There are few places left on earth where one can observe endangered wild gorillas and chimpanzees, and all of them are in Africa.
Gorilla trekking is considered one of the “Top 10 Wildlife Experiences” one may have in a lifetime, and those fortunate enough to experience it know why.
Who Should Consider Primate Trekking?
Fit, active travelers with a keen interest in primates and off-the-beaten path adventure.
Wild mountain gorillas live on the slopes of the volcanic mountain range that crisscrosses between Uganda and Rwanda. Their lesser-known cousins, the western lowland gorillas, live closer to ground in the rainforests of the Democratic Republic of Congo.
Trekking gorillas requires a permit in all three countries, with Rwanda being the most expensive ($1500 per person, per trek in 2021). Uganda permits are $750 per person, per trek, and DRC permits are $355 per person, per trek.
On the day of your trek, after an early morning meeting with your ranger, you and a maximum of seven other trekkers will set off on your journey to find the family to whom you have been assigned. Fun fact: Because the animals are so closely monitored by rangers (due to their endangered status), there is a 98% chance you will see gorillas on your trek.
The trek can take from two to four hours each way, depending on the location of the gorilla family. Because the activity can be strenuous, rangers will assess trekkers’ fitness level in advance and assign those with lower stamina to gorillas who have made their nests closer to the starting point.
Note: As the name implies, lowland gorillas are typically found on flatter ground, thus they are more easily located and the trek is typically shorter and less rigorous than the hike required to see mountain gorillas.
Once you have reached the family, you and your fellow trekkers will have one magical hour with these magnificent primates. Often, you will see the head of the family (the silverback) along with several female adults as well as younger males and juveniles; if you’re especially lucky, baby gorillas will also be in the mix.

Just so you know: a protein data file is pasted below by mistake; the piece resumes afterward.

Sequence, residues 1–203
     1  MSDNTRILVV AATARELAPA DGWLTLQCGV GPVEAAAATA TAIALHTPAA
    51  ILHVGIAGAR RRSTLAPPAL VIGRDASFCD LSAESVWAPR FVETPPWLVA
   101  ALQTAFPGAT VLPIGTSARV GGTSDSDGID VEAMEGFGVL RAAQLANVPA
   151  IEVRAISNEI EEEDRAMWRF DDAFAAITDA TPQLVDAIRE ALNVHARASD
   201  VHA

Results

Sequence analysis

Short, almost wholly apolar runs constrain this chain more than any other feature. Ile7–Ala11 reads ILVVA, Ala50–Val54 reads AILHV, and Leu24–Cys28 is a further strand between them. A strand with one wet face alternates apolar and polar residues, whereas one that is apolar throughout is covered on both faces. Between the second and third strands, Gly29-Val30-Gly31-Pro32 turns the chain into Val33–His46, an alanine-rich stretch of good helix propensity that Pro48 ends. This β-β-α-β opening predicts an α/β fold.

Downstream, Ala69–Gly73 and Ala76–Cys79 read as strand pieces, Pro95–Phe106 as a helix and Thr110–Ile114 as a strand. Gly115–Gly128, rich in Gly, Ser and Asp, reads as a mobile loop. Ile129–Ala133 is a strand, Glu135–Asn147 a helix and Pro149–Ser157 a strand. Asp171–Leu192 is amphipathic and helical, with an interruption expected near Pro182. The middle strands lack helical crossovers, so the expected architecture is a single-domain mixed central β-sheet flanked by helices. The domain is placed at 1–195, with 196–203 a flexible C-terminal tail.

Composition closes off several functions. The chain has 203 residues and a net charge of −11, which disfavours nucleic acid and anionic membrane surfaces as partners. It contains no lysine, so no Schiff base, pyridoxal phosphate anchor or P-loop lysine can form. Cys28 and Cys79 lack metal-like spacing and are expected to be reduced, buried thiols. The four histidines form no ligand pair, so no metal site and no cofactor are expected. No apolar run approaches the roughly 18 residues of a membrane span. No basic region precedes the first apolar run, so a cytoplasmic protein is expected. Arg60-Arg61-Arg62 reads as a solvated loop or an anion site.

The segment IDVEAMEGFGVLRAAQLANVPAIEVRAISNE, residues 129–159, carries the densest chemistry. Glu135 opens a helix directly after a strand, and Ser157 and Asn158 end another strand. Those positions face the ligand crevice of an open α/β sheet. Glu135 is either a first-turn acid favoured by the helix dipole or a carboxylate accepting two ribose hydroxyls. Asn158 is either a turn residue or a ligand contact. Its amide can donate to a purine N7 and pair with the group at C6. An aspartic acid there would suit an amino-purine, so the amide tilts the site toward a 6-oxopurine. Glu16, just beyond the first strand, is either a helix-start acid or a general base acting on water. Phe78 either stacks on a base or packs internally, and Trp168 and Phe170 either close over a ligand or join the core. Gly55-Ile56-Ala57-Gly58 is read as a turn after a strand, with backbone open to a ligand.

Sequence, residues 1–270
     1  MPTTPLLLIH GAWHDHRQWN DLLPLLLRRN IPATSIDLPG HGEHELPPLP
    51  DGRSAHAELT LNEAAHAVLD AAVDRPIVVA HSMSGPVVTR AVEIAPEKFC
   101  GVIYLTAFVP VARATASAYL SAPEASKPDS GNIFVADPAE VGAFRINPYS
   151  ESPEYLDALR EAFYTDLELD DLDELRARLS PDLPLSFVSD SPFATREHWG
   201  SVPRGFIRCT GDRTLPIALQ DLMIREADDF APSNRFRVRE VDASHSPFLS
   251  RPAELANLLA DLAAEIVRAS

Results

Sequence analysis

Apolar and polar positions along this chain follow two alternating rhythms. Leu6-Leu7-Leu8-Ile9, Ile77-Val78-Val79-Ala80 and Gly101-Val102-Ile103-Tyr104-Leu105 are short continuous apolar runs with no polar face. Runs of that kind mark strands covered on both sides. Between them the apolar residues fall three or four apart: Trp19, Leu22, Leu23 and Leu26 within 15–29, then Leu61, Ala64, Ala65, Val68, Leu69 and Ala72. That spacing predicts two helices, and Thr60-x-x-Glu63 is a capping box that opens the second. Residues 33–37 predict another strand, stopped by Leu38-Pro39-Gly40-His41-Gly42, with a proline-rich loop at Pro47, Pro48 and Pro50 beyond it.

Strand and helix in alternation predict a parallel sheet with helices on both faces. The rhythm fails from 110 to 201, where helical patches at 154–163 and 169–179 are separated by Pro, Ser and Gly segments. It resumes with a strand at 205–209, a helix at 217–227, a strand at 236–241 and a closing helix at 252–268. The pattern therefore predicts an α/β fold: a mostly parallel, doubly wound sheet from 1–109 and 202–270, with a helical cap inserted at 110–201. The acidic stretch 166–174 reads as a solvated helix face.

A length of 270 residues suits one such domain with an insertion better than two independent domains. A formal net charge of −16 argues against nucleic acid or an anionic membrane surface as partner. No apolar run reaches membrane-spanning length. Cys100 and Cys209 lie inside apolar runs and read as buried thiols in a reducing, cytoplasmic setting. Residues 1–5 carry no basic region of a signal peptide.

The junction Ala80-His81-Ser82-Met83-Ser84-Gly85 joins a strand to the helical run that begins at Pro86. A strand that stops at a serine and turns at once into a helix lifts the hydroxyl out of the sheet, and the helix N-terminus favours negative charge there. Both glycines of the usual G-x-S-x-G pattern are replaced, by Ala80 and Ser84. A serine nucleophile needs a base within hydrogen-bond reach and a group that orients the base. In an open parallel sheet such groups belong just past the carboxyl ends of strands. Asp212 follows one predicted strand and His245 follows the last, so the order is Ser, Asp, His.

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East Africa is considered the birthplace of the classic safari. With a distinctly “Out of Africa” sensibility (referencing the 1985 classic film starring Meryl Streep and Robert Redford), safaris in Kenya and Tanzania are often planned around the Great Migration. Beyond the Migration, the resident game in both countries, inclusive of the fabled “Big Five”, is spectacular year-round.
Wild chimps can be found in Uganda, Rwanda and Tanzania. It is worth noting, Jane Goodall conducted her groundbreaking research on these fascinating creatures at Gombe in Tanzania, where her center is still in operation and can be visited today.
Unlike the peaceful mountain gorilla, who typically stays in one spot with his family for the day, the wild chimpanzee is always on the move. Boisterous, active and loud, the chimps swing between trees and often shimmy down to the forest floor to run and tumble, sometimes right past your feet.
As with the gorillas, the chimps you will observe are habituated to humans over the course of many months and years, though trekking group sizes remain very limited to ensure minimal disruption to the animals. You are allowed one hour with the chimps once they have been located.
Note: For those who may wish to spend more time with the chimps, a “Habituation Experience” can be arranged. You will accompany primate behaviorists who are in the process of familiarizing a new group of chimps to humans. Instead of spending an hour with these wild primates you will spend half a day or longer, observing the scientists at work.
Uganda, also known as the “Pearl of Africa” is one of the original safari destinations on the continent, offering a traditional safari experience along with the opportunity to track rare mountain gorillas. Gorilla trekking is often called one of the “Top Ten Wildlife Experiences” one can have in a lifetime and with good reason: spending time with these gentle creatures is both magical and awe inspiring. Rwanda, too, offers gorilla trekking and a traditional safari experience, though the latter is slightly less robust; combining Rwanda with another East African safari country is often recommended for those seeking a classic safari.